Photo by Aoife Shanahan
Nestled between the Spanish and French borders, just a three-hour drive from Barcelona, lies the principality of Andorra. This land of high mountains and narrow valleys boasts the best ski slopes in the Pyrenees and a number of resorts that cater for all levels. Formerly small mountain villages, these resorts have seen huge growth thanks to ski tourism and have joined together in recent years to form two large skiing areas—Vallnord and Grandvalira.
The area of Grandvalira covers 1,926 hectares and is divided into six different sectors, the main ones being Pas de la Casa, El Tarter and Soldeu. An efficient lift system transports skiers and snowboarders around the area’s 210 km of slopes—the largest skiable domain in the Pyrenees—and artificial snow guarantees more than 60 percent of the area. www.grandvalira.com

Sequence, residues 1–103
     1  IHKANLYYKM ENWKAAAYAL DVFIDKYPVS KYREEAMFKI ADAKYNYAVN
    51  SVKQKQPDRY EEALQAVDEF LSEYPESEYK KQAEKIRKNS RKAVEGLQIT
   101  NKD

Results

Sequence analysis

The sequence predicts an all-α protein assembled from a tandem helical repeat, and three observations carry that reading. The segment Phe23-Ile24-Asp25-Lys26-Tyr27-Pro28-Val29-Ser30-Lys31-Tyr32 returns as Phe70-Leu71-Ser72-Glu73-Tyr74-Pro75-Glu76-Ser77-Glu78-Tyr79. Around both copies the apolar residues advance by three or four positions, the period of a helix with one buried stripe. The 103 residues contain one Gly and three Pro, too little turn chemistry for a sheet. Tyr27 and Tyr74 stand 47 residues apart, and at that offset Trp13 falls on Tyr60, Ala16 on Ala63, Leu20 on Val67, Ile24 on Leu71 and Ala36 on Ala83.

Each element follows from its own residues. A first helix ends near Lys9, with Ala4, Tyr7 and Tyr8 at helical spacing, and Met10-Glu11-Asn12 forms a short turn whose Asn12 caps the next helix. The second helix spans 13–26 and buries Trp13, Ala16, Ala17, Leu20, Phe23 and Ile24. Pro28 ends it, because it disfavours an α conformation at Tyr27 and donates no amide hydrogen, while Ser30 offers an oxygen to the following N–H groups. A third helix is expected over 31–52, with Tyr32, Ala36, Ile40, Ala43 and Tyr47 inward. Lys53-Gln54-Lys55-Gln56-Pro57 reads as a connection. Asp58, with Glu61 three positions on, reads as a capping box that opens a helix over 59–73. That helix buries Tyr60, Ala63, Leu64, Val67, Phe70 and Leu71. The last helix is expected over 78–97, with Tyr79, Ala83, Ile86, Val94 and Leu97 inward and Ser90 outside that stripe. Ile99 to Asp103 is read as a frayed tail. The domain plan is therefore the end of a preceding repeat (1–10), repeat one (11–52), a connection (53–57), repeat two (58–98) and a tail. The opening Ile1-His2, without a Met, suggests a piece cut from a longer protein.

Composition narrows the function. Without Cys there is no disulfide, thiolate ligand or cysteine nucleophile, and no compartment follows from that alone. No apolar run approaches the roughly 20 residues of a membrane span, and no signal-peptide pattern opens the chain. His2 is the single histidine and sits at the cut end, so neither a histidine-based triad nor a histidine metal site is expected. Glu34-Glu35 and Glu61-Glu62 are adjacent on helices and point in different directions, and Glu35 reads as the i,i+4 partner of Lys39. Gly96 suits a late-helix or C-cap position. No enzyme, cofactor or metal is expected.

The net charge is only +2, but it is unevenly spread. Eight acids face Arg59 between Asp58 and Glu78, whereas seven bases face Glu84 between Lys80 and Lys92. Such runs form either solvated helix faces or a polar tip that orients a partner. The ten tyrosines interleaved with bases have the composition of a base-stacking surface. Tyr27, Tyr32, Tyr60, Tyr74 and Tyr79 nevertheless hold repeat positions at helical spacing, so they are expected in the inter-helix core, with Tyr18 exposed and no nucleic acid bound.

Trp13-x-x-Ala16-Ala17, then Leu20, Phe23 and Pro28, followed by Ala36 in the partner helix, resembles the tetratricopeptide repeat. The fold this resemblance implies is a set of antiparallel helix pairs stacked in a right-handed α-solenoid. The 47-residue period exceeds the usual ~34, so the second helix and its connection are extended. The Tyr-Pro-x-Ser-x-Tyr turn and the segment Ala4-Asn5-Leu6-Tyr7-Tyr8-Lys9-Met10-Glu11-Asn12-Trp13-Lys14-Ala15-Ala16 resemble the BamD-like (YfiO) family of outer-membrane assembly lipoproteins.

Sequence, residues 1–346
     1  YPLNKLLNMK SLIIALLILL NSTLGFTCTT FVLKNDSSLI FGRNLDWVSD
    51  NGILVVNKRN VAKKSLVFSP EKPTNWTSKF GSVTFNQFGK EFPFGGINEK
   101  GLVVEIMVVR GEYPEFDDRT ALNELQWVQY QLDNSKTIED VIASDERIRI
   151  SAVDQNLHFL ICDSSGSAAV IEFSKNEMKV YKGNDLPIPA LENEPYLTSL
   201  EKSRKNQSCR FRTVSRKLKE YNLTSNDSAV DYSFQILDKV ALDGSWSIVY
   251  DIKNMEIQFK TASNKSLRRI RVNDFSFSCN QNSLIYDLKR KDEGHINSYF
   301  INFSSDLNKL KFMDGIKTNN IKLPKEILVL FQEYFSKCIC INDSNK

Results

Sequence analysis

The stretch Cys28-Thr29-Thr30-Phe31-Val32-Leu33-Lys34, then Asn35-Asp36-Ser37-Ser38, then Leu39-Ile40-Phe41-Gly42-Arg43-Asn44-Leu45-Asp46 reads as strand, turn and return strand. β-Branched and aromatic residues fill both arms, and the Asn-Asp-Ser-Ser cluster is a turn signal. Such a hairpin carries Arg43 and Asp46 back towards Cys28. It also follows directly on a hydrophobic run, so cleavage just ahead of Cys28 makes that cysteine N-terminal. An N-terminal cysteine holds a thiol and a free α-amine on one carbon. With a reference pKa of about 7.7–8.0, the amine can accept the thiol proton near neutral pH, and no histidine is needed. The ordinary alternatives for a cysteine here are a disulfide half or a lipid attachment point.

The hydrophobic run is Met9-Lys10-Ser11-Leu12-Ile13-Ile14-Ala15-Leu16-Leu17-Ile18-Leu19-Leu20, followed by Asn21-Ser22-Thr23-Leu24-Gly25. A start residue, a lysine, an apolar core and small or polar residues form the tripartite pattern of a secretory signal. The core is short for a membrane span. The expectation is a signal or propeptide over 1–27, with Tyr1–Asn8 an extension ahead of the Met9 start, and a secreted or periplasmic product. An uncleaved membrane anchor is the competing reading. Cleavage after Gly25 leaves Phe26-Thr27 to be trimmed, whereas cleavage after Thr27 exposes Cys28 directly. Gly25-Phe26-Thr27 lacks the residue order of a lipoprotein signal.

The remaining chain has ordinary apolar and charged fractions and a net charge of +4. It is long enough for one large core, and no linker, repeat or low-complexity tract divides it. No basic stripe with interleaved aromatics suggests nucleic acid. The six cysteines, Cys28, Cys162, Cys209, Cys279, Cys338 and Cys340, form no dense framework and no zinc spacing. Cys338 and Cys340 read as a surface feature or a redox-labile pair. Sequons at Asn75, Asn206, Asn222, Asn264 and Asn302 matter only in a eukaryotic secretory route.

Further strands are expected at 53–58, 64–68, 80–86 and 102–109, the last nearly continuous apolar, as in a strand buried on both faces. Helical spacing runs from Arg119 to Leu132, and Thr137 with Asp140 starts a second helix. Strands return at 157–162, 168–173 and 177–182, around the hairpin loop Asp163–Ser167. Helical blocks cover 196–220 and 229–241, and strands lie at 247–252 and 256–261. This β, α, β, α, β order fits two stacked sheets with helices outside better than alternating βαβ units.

Pas de la Casa
Right on the French border, Pas de la Casa sits at an altitude of 2050m, with the highest lift reaching 2640m, making this the highest resort in the Pyrenees. Thanks to its unbeatable location, Pas enjoys excellent snow throughout the season. The slopes cater very well for beginners and aspiring intermediates and, for those looking for more of a challenge, there are also a few feisty black runs to be found. The town is lively with a thriving bar scene.
This is the only sector of Grandvalira that isn’t residential. Grau Roig has just one hotel and a large car park. It’s a great resort for families, as everything is close together. There is a good progression of slopes from beginner to intermediate, and for experienced skiers, there are some fantastic red and black runs. Snowboarders can head to the small board park and half pipe.